There are two very big problems with this situation. First, while I am all for Americans keeping their homes and making life difficult for the bankers, a foreclosure freeze creates the possibility of a heightened banking collapse, which could lead to quantitative easing programs on a scale that dwarfs previous measures. This means even more tax dollars going into the “too big to fails”. Therefore, globalist banks actually BENEFIT from a foreclosure upheaval. It could also lead to a direct bailout of the mortgage market itself. In either case, the response will be more massive printing of fiat, and a catastrophic devaluation of the dollar.
Second, foreclosures now make up over 30% of all home sales in this country. In some states, including California, foreclosures make up nearly half of all home sales:
If you think home sales are in trouble now, imagine what will happen if all foreclosure sales stopped in their tracks for several months or more! Poof! 30% to 40% of the housing market gone, just like that! I have no doubt that this would inspire considerable outflows of investment from the U.S. economy, especially by foreign nations. This is already happening in certain sectors. Central Banks across the world recently dumped a record $57 billion in U.S. Agency bonds. These bonds support such entities as Fannie and Freddie, and an expanded property market disaster would greatly damage their value:
Interestingly, this dump began almost right before the “foreclosure-gate” issue arose, which suggests that some central banks were aware that the mortgage crisis in the U.S. would hit a new stage before it even happened.
Essentially, any announcement of an extended foreclosure freeze would set in motion a domino effect that is likely to contribute to systematic failure in our economy, and most especially, in the now precarious health of the dollar. News of a nation-wide freeze without an announcement of a time-frame should be considered by those in the Liberty Movement as a neon red warning sign that the situation is about to get ugly.
Stock Market Bubble Burst
So much fiat is being pumped into banks and the Dow by the Treasury and the Federal Reserve it is difficult to tell what is truly going on in the stock market. There are, though, certain signs we can look for to gauge when a stock bubble implosion could take place. One method is to track the cash holdings of mutual funds.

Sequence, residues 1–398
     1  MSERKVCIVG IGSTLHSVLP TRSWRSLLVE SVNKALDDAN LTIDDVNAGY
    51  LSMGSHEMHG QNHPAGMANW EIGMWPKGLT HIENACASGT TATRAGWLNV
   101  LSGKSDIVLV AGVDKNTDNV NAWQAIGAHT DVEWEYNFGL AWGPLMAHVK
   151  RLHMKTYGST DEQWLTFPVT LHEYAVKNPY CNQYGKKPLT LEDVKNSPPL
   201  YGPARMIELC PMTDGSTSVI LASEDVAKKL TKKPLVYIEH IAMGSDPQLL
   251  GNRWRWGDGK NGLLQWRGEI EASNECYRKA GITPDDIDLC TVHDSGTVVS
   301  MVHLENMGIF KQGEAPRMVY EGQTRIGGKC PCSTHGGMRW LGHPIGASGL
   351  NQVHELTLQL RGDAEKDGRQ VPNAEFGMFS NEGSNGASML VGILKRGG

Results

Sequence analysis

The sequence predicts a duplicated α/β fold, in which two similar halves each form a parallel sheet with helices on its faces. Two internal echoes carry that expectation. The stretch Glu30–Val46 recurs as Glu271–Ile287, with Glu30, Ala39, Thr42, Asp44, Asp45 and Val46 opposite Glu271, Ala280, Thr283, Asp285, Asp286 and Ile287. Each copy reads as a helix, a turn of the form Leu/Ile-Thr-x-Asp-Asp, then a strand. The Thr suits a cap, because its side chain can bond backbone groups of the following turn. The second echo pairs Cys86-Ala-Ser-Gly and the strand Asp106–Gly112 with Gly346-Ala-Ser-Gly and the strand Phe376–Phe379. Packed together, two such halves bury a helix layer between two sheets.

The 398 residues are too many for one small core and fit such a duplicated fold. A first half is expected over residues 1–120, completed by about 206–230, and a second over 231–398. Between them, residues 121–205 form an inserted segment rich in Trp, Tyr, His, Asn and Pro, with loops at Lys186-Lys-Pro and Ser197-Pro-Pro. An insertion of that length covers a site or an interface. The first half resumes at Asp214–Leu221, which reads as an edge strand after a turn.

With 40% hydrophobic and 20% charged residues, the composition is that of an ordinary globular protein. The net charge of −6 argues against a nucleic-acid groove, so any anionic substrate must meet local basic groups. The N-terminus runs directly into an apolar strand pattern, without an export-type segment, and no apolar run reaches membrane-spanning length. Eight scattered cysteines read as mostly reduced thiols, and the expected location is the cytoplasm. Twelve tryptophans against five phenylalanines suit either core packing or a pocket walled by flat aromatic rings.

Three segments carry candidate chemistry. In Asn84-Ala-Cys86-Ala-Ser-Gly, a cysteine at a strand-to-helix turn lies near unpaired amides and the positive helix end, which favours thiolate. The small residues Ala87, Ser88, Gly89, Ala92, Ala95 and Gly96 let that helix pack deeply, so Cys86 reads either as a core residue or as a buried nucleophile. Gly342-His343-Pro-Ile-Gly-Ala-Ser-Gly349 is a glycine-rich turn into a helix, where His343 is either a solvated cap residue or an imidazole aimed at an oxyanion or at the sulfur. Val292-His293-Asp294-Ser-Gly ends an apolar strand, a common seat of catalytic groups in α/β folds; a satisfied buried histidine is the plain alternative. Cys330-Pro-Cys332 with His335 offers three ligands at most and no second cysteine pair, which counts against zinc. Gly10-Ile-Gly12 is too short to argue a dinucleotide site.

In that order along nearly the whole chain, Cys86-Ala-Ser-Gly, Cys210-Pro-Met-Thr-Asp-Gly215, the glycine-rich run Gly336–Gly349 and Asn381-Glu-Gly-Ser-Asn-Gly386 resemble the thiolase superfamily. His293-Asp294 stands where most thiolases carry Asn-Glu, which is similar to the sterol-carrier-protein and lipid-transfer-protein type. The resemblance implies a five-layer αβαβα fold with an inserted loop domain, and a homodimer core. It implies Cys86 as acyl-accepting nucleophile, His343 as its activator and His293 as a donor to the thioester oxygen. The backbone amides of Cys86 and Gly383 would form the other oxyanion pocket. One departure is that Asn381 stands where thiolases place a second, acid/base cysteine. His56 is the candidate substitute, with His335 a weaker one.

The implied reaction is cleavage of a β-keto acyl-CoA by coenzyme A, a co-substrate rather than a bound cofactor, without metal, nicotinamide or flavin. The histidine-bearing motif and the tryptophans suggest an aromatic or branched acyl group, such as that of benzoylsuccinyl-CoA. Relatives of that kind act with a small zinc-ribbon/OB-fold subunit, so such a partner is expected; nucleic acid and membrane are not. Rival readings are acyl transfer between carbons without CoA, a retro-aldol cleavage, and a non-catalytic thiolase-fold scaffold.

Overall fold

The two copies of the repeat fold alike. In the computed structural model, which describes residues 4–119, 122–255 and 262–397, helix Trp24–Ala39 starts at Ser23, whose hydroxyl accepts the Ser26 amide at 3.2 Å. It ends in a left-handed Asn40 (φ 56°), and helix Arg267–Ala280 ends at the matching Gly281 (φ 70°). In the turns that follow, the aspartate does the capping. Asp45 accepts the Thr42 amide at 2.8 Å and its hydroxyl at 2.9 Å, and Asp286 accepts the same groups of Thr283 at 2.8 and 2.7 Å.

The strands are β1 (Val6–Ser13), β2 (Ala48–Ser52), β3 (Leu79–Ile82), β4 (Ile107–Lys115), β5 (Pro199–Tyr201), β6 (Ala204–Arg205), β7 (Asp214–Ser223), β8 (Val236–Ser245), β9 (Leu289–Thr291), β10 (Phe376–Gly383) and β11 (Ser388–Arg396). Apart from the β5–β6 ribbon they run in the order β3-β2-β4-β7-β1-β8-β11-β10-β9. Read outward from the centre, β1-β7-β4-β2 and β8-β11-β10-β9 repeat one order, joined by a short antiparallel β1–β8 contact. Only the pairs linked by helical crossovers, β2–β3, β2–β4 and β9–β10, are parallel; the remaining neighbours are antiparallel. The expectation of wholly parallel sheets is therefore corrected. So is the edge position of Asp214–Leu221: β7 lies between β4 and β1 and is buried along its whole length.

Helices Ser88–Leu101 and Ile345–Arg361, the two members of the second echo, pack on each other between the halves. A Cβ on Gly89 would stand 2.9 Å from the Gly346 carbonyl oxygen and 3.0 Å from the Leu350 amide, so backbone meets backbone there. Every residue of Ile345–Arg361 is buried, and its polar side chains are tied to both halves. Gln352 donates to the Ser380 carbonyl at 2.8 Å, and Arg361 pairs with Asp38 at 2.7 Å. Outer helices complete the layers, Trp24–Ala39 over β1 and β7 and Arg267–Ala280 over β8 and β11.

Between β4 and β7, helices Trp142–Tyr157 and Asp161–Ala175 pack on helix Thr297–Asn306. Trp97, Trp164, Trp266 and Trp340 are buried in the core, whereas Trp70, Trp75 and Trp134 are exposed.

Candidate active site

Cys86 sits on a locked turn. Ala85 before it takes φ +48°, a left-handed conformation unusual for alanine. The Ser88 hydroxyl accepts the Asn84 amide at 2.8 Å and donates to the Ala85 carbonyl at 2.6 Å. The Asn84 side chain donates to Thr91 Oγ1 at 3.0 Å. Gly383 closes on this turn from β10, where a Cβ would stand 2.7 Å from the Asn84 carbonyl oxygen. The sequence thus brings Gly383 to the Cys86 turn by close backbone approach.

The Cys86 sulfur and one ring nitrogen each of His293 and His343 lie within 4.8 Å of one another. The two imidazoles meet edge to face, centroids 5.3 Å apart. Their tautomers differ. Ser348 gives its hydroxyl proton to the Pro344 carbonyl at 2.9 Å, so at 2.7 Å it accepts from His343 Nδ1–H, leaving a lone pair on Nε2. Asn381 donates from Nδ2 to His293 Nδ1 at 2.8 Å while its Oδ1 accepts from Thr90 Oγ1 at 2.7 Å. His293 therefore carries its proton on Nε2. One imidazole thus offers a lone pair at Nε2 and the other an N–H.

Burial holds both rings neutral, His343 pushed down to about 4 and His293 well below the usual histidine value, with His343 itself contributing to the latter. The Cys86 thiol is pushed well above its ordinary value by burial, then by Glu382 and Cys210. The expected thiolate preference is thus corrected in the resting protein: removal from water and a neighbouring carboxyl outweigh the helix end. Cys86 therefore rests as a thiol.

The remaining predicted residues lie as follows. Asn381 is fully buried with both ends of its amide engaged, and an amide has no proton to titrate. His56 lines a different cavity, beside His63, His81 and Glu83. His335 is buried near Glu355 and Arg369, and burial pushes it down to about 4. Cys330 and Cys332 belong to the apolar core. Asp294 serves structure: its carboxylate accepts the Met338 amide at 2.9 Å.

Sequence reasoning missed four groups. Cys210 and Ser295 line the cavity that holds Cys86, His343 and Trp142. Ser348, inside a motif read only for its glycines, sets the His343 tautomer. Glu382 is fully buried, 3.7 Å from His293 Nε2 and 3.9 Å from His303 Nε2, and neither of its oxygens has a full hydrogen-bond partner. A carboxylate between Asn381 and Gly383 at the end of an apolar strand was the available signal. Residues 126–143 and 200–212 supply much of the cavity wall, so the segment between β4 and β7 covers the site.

When mutual funds have a lot of cash on hand, it often means they are ready to funnel new capital into markets when the time is right. When mutual funds are very low on cash, this might signal that the market is ready to begin an extensive sell off. Currently, mutual fund cash levels have hit an all-time record low:
This shows one of two things; either the stock market is inflated to its peak, and mutual funds have invested as much as they can to support it, or, mutual fund participants are beginning to pull their money out of their portfolios, in which case, the stock rally is built almost entirely on infusions from other sources (the Federal Reserve). The latter is supported by reports of an exodus of investors from mutual funds since August of this year:
Both problems reveal a severe weakness in stocks, one that could instigate an eventual Dow drop on par with the consecutive market dives of the Great Depression.
Another signal of a stock collapse is the “net short positions” of Commercial (corporate) traders in the market. When commercials short stocks heavily, it means they are betting on a substantial fall in market value. Being that many of these larger banks and hedge funds have an “inside track” on market information, they are usually correct in their predictions. Current net short positions of commercial traders have hit levels higher than any in the past 5 years:
In my view, the next extended market drop we see is liable to be the last. Today’s economy is so unstable, and based on so much faith rather that fundamentals, any uncertainty in the Dow will pull the rug out from under us. A sudden 20% to 30% loss in stock values would be more than enough to create a trigger point in the destabilization of the rest of our financial system and should be taken very seriously by those in the Liberty Movement. This could happen over a period of months, or in a series of flash crashes lasting a matter of days.
Escalation of Currency Conflict
Recently, Treasury Secretary Timothy Geithner announced that the U.S. had no intention of devaluing the dollar for export advantage over the rest of the world, and that the G20 should work on “aligning” their Forex positions to avoid wars over currency devaluation. This is fascinating, mainly because this statement is completely counter to what Geithner has been saying for the past couple years. Did ‘Tiny Tim’ grow a heart, or a brain, and realize the currency war rhetoric is a disaster waiting to happen for the United States? I really doubt it.
Such talk is typical in the midst of G20 conferences, but rarely if ever does this translate into any positive action by globalists. Currency devaluations, including that of the dollar, are well underway, and lip service paid by Geithner is not going to change anything. I’m sure he’s well aware of this.